Exercise to Fight Addiction

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“Eat sensibly, get plenty of rest and exercise.” That’s the recipe we hear over and over again to lead a healthy life.

Too simple for most of us, but solid advice nevertheless. And for those looking to kick an addiction, the last on that list may be the secret weapon they need.

Exercising can produce a 'healthy high' and reduce cravings

According to an article in the Chicago Tribune, exercise is finding a place in addiction treatment – with science to back it up.

Strenuous exercise triggers some of the same brain mechanisms – referred to as “neurobiological rewards” – that give us drug highs. And if this “healthy high” can replace some of the cravings and rewards addicts get from using drugs, it might be the difference between staying clean and sober and slipping into relapse.

What kind of exercise?

Well, running seems to have the most credibility here. It can be running on a treadmill or a street, but the idea is the same – tap into a kind of evolutionary incentive and our body’s design. We are, after all, a species that once chased down our meals and ran from predators.

The anecdotes in the Trib article are compelling. An alcoholic who couldn’t stay clean until he discovered the power of marathon running – not just the race, but the training too. They spoke to the founder of Racing for Recovery, himself a recovering addict who spent 13 years lost in addiction. Todd Crandell started with weightlifting and moved on to compete in dozens of triathlons.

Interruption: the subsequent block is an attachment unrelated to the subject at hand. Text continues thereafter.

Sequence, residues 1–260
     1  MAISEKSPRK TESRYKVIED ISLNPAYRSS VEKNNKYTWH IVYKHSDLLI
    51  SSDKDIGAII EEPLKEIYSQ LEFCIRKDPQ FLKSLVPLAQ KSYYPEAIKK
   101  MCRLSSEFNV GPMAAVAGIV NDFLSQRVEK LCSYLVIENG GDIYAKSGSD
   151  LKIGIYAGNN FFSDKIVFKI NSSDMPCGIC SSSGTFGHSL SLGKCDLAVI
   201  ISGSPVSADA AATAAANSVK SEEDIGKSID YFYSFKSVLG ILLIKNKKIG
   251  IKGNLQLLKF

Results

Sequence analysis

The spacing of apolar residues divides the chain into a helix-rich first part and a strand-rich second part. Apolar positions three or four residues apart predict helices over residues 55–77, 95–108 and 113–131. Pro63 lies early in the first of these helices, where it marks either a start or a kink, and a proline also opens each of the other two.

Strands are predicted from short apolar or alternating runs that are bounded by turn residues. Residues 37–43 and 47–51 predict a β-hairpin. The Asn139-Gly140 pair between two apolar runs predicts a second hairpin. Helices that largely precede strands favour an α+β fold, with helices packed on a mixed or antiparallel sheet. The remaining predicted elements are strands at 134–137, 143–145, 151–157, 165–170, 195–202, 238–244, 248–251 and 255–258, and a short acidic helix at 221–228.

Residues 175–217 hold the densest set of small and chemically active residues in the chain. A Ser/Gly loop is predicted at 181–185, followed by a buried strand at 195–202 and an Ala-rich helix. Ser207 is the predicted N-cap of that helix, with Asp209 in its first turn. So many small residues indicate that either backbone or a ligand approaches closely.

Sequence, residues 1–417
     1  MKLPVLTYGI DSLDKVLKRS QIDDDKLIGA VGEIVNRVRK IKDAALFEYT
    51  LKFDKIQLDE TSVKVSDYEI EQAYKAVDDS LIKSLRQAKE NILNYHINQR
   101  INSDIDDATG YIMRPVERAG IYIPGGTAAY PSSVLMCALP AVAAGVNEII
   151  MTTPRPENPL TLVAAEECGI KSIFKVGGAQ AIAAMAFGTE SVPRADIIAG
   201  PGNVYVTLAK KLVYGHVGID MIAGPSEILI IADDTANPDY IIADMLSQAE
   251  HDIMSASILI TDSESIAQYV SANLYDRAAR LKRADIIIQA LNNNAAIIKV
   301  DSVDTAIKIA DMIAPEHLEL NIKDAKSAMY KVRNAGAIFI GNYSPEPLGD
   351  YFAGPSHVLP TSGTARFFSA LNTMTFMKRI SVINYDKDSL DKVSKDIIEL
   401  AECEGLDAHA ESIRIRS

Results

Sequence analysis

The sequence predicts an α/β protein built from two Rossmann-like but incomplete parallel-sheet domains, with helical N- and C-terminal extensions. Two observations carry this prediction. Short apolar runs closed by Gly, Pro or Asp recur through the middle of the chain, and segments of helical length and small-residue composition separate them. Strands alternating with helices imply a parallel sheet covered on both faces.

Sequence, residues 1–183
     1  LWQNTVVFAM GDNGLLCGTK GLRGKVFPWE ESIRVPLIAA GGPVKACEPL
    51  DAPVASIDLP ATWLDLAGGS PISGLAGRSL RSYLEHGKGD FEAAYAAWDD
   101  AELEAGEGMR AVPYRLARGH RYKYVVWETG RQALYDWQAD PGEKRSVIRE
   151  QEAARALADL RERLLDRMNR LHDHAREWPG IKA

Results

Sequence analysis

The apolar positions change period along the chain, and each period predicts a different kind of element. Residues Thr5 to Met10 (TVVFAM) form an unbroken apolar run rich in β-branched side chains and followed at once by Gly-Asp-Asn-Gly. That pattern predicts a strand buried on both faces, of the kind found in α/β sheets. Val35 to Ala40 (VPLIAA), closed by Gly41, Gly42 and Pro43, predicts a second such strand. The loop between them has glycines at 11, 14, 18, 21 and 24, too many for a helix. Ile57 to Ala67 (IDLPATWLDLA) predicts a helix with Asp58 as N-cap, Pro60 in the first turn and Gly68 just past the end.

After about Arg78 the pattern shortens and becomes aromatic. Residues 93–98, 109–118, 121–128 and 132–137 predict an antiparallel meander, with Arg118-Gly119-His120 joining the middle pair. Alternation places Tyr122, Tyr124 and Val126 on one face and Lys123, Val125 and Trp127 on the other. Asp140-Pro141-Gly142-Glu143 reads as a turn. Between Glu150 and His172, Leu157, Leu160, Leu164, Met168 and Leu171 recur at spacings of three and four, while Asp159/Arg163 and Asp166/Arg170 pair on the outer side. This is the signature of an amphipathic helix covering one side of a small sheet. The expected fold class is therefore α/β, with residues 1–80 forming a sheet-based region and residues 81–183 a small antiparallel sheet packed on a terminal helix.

"At 26 I quit everything all at once," Crandell said of going cold turkey. "It was after my third DUI. I blew a 0.36 at noon." He credits exercise, along with treatment, as critical to his recovery.

Just 30 minutes a day can keep marijuana use at bay

The experimental evidence mentioned is almost as interesting as the success stories. When researchers had chronic marijuana smokers use a treadmill for just a half-hour a day (10 times over two weeks), they cut their use in half – not because they wanted to quit, but just because the urge to smoke went down.

So the old advice is still the best advice, and we keep rediscovering what we already knew: Eat right, get enough sleep and exercise regularly.

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